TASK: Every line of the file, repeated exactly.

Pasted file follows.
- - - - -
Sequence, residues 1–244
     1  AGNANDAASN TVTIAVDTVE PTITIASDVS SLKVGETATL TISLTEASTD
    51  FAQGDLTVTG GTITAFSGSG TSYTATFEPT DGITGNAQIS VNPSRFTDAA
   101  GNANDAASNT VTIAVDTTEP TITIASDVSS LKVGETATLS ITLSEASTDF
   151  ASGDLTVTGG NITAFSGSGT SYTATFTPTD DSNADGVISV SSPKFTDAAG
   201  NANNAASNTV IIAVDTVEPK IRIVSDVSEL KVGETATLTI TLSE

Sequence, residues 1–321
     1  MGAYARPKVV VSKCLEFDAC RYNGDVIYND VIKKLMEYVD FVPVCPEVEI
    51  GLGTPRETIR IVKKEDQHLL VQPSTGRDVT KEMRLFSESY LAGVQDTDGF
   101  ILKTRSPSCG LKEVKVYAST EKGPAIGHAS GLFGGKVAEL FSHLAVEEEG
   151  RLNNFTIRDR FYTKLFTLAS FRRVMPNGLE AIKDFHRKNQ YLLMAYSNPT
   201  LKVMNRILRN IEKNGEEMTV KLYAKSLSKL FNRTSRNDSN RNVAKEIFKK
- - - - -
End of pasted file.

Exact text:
Sequence, residues 1–244
     1  AGNANDAASN TVTIAVDTVE PTITIASDVS SLKVGETATL TISLTEASTD
    51  FAQGDLTVTG GTITAFSGSG TSYTATFEPT DGITGNAQIS VNPSRFTDAA
   101  GNANDAASNT VTIAVDTTEP TITIASDVSS LKVGETATLS ITLSEASTDF
   151  ASGDLTVTGG NITAFSGSGT SYTATFTPTD DSNADGVISV SSPKFTDAAG
   201  NANNAASNTV IIAVDTVEPK IRIVSDVSEL KVGETATLTI TLSE

Sequence, residues 1–321
     1  MGAYARPKVV VSKCLEFDAC RYNGDVIYND VIKKLMEYVD FVPVCPEVEI
    51  GLGTPRETIR IVKKEDQHLL VQPSTGRDVT KEMRLFSESY LAGVQDTDGF
   101  ILKTRSPSCG LKEVKVYAST EKGPAIGHAS GLFGGKVAEL FSHLAVEEEG
   151  RLNNFTIRDR FYTKLFTLAS FRRVMPNGLE AIKDFHRKNQ YLLMAYSNPT
   201  LKVMNRILRN IEKNGEEMTV KLYAKSLSKL FNRTSRNDSN RNVAKEIFKK